Research and Awards > 2016 Research Awards

2016 Research Awards

Testing the predictive ability of blood based novel biomarkers for cardiovascular outcomes in UK Biobank: a nationwide cohort study of > 500k people

  • Professor Naveed Sattar, P. Welsh and J. Lewsey, BHF GCRC, University of Glasgow
  • £73,064 over 18 months

In UK Biobank, a remarkable study of 500,000 people, blood tests might help detect early risk of heart attack and strokes, and other important diseases.  The researchers will investigate to what extent newer blood tests tell us about how likely someone is to develop heart attacks and strokes, how these conditions develop, and whether and when there should be intervention.  This would result in more accurate targeting of preventative medications (such as statins or blood pressure tablets) to patients before they develop the illness.  The work of the researchers will be cutting edge since UK Biobank is the largest study to have addressed these questions.

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Restart or Stop Antithrombotics Randomised Trial for organ anticoagulants (RESTART-OAC)

  • Professor Rustam Al-Shahi Salman, D. Newby, J. Wardlaw and M. Dennis, Centre for Clinical Brain Sciences, Chancellor's Building, Edinburgh
  • £89,909 over two years

Blood-thinning drugs like warfarin are very effective for preventing stroke in people with an irregular heartbeat, known as atrial fibrillation (AF).  However, it is not known whether blood-thinning drugs are safe and effective for people with AF and a past history of bleeding in the brain, known as ‘brain haemorrhage’.  The researchers will set up two studies to address these treatment dilemmas.  These studies will be randomised controlled trials, which are the fairest test of treatments.  These trials will take place at some of the 116 hospitals in the UK that already participate in the RESTART trial.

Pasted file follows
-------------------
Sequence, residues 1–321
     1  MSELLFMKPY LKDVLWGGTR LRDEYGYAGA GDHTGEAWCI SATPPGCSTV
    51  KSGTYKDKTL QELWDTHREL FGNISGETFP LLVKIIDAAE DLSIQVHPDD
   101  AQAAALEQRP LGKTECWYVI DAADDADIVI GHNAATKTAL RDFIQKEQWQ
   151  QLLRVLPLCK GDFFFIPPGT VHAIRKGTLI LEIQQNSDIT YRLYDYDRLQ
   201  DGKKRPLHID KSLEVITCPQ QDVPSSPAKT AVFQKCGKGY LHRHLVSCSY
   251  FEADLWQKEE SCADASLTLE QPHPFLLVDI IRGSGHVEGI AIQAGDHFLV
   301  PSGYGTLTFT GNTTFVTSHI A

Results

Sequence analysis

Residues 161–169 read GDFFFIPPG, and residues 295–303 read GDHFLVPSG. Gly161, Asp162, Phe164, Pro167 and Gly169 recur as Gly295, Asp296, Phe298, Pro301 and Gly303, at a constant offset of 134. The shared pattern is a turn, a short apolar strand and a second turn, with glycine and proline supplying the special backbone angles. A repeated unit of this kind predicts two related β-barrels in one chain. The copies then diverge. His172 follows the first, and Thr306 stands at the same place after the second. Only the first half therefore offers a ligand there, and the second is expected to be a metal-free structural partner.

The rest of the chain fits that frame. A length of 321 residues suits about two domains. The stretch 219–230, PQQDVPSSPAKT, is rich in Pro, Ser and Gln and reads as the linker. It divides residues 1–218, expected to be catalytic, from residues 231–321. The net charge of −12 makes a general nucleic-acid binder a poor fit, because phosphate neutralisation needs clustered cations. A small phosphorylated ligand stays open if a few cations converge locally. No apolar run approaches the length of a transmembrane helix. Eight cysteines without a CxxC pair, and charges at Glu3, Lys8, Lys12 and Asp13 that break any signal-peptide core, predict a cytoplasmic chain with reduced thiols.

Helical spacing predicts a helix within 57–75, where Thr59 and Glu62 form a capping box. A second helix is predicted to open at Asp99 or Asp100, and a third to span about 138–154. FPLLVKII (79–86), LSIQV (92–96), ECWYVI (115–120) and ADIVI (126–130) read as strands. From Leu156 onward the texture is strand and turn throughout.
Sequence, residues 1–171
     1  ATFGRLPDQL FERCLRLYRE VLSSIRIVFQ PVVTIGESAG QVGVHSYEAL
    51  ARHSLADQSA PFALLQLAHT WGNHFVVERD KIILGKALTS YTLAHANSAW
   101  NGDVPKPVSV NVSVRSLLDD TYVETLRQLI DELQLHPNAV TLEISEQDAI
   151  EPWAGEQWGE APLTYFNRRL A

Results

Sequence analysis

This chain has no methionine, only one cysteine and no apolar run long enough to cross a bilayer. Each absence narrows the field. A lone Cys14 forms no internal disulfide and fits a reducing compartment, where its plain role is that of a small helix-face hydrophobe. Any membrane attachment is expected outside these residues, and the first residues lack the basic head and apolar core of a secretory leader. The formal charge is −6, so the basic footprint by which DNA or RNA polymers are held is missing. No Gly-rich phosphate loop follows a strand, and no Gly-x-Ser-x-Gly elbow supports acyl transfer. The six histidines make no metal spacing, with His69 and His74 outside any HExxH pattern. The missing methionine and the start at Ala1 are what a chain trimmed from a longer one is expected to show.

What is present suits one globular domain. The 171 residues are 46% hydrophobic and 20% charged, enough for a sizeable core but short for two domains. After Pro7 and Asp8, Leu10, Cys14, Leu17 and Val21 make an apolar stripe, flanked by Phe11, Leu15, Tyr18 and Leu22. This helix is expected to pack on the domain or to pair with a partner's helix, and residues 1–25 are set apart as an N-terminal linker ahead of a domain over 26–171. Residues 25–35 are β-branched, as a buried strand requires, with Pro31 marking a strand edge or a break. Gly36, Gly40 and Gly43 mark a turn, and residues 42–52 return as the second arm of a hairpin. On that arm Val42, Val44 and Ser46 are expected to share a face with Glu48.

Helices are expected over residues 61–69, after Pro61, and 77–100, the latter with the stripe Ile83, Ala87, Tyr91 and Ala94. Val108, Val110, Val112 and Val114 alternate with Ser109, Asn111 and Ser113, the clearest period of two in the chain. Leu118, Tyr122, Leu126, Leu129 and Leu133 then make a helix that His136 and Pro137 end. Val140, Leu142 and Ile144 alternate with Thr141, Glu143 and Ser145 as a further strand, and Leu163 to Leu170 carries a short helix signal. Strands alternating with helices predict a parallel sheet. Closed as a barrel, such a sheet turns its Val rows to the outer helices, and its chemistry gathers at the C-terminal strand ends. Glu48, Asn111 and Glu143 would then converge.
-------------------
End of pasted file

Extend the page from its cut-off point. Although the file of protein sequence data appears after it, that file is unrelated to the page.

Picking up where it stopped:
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Secondary prevention after stroke: can we do better?  A novel national linkage of stroke registry and dispensing data

  • Dr. Mary Joan Macleod, M. Turner, K. Wilde, C. Black, M. Barber, M. Dennis and P. Langhorne, Universities of Aberdeen and Glasgow
  • £77,155 over two years

Patients who have a stroke are at risk of having a further stroke or coronary event.  Medicines to prevent this are not always given, perhaps because of patient frailty or safety concerns.  The researchers plan to link data from the national stroke care audit to other national datasets to look at prescribing after stroke, and see what influences which treatments patients are given, and how this impacts on outcomes (further strokes, heart attacks, survival).  If they find that there are ‘treatment gaps’ or inequalities, they will provide evidence that can be used to change guidelines, and hopefully improve patient care.

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Fatigue After Stroke: Testing the Feasibility of A Brief psychological intervention (FAST-FAB)

  • Professor Gillian Mead, V. Cvoro, M. Barber, D. Gillespie, M. Dennis, S. Wu, A. Carson, T. Chalder, Malcolm Macleod, S. Lewis, M. Hackett, Y. Chun, A. House and M. Brady, Royal Infirmary of Edinburgh
  • £89,296 over two years six months

Tiredness is common for people after a stroke.  It stops people doing things they enjoy.  The researchers have developed a ‘talking therapy’ – six meetings with a psychologist with two weeks between each meeting.  The aim is to help stroke survivors with fatigue to sleep better, be more active and feel less tired.  The researchers have tested this in 12 stroke survivors with good results.  They now want to do a trial with stroke nurses delivering the ‘talking therapy’.  If the therapy is doable, they will apply for funding for a larger trial.  This will tell them for certain whether the therapy works.

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